Interview: Mario Van Peebles – Superstition – Part 1

superstition-11427Mario is not only the star of the show of Superstition, but also an executive producer, director and writer on the show. So he wears many hats.

Syfy just announced that the first episode of Superstition will now premiere, Friday the 13th, on Syfy’s YouTube channel, other digital platforms and on demand at The TV premiere remains on Friday, October 20, on the Syfy channel.

Q: Hi. Thanks for talking to us today.

Mario Van Peebles: Hi.

Q: Hi. So I want to know – how hard is it to kind of do all these things at once, to direct and write? And it looks like some of them even you did the same episode, you know, being in and writing and everything. So how much harder is that than just picking one?

Mario Van Peebles: Yes. That’s a good question. I think part of it is that when you grow up – if you grow up on a family farm, you learn a little bit about feeding the chickens, plowing the north 40, taking care of the horses. It’s all sort of part of the Zen of farming. And, you know, when you grow up with Melvin Van Peebles – or Melvin Van Movies, my dad, you know, and you’re an independent filmmaker, you learn as a kid to take care of the cables, to be a PA, to be an editor, to do all those things. And it’s all part of the Zen of, you know, independent filmmaking in that you kind of need to know it all. And I didn’t really realize until later on as an adult that those were sort of carved up into different sections because it was all part of the family filmmaking thing. So I kind of grew up doing it and being pretty fluid. And I saw my dad do it if you think back to when my dad did Sweet Sweetback’s Baadasssss Song in 1971 that became the top grossing independent hit of that year. And I grew up seeing him do it. He was acting in it. He wrote it. He produced it. He worked on the music with a new group called Earth, Wind and Fire. And so I kind of grew up, oh, that’s what filmmaking is. Gee, I didn’t know any better. And my family is kind of like the Jacksons without the talent. You know, we just get in there and we’re scrappy. And we make it happen. And then 20 years later, almost to the month after 1971 and 1991, I directed and acted in my first feature, which was New Jack City.

So I guess I grew up with it and it feels very organic to me. And I think sometimes as a filmmaker/director, I mean, as an actor/director, it’s easier to actually direct other actors because you kind of give them what you want to get. So you create a climate where they can do their best work and you sort of, you know, you have a different bedside manner if you’re not only a doctor but you’re also a patient. So I think it allows me to talk with them, you know, and speak the language and really get in there and mix it up. So it’s actually something that I grew up with.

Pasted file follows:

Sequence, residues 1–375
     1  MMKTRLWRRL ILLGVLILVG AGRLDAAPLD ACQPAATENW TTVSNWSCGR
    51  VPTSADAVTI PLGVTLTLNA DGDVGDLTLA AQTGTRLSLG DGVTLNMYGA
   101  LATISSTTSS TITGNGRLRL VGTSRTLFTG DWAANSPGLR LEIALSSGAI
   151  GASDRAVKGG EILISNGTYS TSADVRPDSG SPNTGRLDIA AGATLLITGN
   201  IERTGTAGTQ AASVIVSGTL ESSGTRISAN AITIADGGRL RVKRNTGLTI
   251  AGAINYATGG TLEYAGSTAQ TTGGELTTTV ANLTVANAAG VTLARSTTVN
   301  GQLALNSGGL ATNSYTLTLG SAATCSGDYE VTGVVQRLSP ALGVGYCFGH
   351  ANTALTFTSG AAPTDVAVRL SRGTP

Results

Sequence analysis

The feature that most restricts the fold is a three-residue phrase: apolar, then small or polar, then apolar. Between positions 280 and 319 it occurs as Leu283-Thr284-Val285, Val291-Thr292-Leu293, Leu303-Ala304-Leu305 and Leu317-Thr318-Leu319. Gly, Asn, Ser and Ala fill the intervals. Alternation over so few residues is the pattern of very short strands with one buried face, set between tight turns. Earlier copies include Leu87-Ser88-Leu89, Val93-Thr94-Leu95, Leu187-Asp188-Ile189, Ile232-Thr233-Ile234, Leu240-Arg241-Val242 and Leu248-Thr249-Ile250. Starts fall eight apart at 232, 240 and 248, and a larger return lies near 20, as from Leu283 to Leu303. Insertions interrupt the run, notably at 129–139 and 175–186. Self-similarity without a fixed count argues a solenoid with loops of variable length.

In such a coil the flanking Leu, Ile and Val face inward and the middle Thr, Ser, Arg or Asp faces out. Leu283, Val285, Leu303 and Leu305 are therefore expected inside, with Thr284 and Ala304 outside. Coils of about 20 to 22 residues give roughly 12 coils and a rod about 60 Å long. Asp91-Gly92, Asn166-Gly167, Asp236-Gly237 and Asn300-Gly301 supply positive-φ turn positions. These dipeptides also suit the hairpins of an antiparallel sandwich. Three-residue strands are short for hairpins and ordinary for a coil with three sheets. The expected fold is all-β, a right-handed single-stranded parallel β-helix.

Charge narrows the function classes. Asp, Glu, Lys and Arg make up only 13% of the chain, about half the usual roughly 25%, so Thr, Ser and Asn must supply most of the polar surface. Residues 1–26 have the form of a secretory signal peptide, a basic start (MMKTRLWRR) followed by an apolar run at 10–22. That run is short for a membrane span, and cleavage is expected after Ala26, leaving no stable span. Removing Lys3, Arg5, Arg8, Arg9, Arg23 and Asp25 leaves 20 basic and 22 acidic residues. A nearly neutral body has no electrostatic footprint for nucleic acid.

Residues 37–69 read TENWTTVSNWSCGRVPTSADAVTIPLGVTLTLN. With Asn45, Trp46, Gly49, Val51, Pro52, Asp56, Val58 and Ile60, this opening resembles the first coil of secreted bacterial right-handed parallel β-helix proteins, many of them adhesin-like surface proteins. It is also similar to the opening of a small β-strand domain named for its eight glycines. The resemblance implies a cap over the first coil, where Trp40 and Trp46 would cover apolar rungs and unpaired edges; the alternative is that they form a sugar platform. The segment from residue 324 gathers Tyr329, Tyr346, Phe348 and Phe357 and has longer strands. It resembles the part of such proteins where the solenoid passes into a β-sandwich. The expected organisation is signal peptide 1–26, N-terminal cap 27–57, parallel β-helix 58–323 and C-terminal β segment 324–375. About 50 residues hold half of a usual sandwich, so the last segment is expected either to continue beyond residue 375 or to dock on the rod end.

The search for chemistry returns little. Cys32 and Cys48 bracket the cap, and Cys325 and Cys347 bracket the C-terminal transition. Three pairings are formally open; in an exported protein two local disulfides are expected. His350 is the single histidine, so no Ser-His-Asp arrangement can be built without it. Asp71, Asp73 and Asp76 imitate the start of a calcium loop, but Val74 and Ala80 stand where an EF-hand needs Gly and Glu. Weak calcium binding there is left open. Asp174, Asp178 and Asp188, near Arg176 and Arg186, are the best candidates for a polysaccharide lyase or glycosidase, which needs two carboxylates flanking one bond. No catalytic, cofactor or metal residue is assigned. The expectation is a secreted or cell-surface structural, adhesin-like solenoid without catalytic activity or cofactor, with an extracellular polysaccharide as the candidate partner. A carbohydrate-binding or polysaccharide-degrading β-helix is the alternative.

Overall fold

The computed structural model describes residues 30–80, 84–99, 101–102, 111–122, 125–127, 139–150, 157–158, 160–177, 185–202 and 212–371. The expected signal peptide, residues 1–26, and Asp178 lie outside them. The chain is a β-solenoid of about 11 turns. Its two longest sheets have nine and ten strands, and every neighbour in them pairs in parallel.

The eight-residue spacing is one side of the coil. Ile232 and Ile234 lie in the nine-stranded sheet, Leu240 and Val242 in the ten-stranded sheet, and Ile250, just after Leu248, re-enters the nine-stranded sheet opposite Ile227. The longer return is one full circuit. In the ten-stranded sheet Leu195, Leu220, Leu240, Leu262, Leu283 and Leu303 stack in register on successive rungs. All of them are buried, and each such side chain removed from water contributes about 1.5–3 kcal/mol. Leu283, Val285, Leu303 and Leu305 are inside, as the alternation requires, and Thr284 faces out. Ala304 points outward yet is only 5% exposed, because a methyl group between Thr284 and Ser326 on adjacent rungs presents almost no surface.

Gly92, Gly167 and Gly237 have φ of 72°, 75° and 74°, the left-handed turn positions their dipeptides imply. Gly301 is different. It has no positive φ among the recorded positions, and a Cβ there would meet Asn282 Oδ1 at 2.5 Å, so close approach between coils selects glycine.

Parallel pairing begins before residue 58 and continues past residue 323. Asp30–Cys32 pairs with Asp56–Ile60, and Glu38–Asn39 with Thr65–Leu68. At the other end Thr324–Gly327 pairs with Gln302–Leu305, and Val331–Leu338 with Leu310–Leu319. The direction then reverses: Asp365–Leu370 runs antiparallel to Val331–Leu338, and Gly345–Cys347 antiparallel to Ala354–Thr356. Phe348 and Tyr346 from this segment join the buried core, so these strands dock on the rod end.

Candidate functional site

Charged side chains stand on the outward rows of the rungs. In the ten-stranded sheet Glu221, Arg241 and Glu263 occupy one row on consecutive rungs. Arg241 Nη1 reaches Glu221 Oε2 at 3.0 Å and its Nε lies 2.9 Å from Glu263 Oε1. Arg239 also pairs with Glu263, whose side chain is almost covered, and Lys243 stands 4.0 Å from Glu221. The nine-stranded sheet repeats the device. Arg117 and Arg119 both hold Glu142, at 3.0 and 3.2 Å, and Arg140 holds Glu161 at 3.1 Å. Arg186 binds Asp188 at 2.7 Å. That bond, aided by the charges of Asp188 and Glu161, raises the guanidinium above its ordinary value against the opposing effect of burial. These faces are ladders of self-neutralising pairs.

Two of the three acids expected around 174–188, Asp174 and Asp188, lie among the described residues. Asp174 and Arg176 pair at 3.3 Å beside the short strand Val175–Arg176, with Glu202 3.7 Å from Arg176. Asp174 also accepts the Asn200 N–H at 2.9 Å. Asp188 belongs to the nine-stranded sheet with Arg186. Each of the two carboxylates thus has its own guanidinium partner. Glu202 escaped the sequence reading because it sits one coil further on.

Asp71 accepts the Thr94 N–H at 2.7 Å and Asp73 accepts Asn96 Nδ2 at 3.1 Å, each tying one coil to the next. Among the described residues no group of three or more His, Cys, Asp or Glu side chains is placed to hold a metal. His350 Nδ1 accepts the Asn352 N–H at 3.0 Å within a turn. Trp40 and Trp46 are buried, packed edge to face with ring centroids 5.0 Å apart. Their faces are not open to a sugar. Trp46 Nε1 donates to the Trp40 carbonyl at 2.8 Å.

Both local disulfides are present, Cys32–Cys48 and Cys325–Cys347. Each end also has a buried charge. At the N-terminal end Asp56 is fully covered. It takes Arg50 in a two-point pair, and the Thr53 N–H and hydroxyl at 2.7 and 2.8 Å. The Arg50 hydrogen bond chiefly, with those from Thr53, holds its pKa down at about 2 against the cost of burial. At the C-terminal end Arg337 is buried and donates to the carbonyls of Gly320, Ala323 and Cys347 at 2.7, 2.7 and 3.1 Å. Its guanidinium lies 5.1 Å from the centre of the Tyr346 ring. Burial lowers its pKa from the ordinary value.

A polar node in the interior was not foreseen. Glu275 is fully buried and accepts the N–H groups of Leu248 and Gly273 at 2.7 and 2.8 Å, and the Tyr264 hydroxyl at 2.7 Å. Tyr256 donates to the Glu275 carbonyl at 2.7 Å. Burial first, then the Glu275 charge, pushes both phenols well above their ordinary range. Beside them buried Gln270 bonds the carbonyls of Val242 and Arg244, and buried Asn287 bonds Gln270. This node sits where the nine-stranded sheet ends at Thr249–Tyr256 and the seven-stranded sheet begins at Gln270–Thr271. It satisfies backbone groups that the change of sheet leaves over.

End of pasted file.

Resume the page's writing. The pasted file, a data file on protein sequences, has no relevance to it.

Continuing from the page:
Q: Well, I’ll tell you first of all, I mean, I’m all about diversity this year. And I’m totally loving, you know, the cast and how it’s all set up. It’s great. As far as the mythology of the show, did you do some research along with your writing partner to kind of come up with a certain type of mythology that you wanted to use on the program?

Mario Van Peebles: Yes, well, it was really – this has been a collaborative effort. So it was Barry Gordon and Justin and Chris and Joel, you know, and really looking at it saying this is, you know, sort of an underserved demographic. And the world is getting more diverse. America is getting more diverse. And we kind of kicked around and laughed about – first of all sort of the American South is sort of this very rich sort of setting, sort of this fictional town of La Rochelle that has this sort of American Gothic kind of quality. But it had so many – because, you know, America is a melting pot. And, you know, you take a place by America, and you take, you know, Italian immigrants and Africans who maybe didn’t come voluntarily and Native Americans and Asians and Jews from Europe. And you put us all together and you do get sparks. But out of those sparks you get great art and great music. And so out of America you get jazz and rock and roll and hip hop and gospel and all this great music and all this texture. And that’s because you’ve got all these folks in this sort of cultural human melting pot. And we thought the New South really reflects that. You get Republicans and Democrats and climate change deniers. And, you know, especially a place like New Orleans and around there, you get all kind of people who voted for the president. People who didn’t. All kind of folks. And you get sparks and you get friction. And it’s exciting. And we thought this is a very exciting diverse America that we wanted to show. And I think part of the other thing we kicked around was this notion that, you know, what would the Obamas really be like when the cameras go off? You know, if you took a family that was a pretty tight family, had a lot of love, smart family, when the cameras go off, if they had to deal with infernals and demons and fight the forces outside, what would that family look and feel and sound like? And that became sort of something we kicked about as well. So it was a number of things, but the notion of seeing America like you don’t traditionally see us, all of us, and all our flavors and that on both sides of the equation, the “human and infernal side,” you’d see all flavors, all colors, all choices.